Sage Steele Sues ESPN, Claims Free Speech Violations

The SportsCenter host was suspended for comments made on a podcast last September.

ESPN anchor Sage Steele is suing the sports network for claims of diminishing her free speech right following podcast remarks she made in 2021.

According to The Guardian, the SportCenter host was suspended for a short amount of time for her comments on ESPN’s vaccine mandate, calling it “sick.” She went on to say female reporters should adjust the way they dress to steer clear of inappropriate comments from male athletes. Adding to the brewing pot, she questioned if Barack Obama is Black.

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“If they make you choose a race, what are you gonna put? Well, both,” Steele said on former NFL quarterback Jay Cutler’s podcast . “Barack Obama chose Black, and he’s biracial … congratulations to the President, that’s his thing. I think that’s fascinating considering his Black dad is nowhere to be found but his white mom and grandma raised him, but OK. You do you. I’m gonna do me. Listen, I’m pretty sure my white mom was there when I was born. And my white family loves me as much as my Black family.”

Following social media criticism of her comments, the network made her issue an apology, the suit says. The network took away her primary assignments and failed to put an end to bullying and harassment, the suit claims.

In a statement to the Wall Street Journal, ESPN said, “Sage remains a valued contributor on some of ESPN’s highest profile content, including the recent Masters telecasts and anchoring our noon SportsCenter.”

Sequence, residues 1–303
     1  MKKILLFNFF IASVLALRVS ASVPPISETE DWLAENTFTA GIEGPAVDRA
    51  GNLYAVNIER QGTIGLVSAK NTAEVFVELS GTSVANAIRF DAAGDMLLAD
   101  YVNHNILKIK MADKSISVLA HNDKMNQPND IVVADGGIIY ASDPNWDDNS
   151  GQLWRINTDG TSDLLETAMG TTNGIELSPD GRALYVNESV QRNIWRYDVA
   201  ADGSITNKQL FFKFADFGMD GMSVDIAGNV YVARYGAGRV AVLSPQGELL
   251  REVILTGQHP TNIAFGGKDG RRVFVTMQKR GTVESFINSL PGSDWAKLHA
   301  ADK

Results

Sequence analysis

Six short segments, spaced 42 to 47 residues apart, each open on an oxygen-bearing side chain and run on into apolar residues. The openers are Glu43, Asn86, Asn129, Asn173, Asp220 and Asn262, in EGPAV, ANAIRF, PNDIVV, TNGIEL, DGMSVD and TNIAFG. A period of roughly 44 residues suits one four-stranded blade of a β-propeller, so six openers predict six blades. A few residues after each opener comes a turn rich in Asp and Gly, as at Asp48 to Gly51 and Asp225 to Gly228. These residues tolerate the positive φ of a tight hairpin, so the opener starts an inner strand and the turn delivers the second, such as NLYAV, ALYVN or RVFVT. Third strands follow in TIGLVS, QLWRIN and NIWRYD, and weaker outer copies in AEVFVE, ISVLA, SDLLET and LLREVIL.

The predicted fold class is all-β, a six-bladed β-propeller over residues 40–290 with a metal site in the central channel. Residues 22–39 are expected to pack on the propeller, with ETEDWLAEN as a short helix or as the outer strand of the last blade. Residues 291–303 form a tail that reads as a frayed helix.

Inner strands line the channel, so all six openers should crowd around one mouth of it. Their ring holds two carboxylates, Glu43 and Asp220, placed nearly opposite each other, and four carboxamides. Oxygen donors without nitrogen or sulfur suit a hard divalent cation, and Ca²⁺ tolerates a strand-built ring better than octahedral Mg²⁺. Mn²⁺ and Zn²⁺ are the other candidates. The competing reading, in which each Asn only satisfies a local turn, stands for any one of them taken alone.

The length of her suspension (which began on October 4) gets tricky, due to her positive COVID-19 testing during that time frame.

The suit says  ESPN “violated Connecticut law and Steele’s rights to free speech based upon a faulty understanding of her comments and a nonexistent, unenforced workplace policy that serves as nothing more than pretext.”

In the suit, a clause in Connecticut’s law states complaints are not to discipline employees for the exercise of their First Amendment rights, as long as there is no relating issues to their relationship with the company and their work performance.“

“Sage is standing up to corporate America to ensure employees don’t get their rights trampled on or their opinions silenced,” said her lawyer, Bryan Freedman in a statement.


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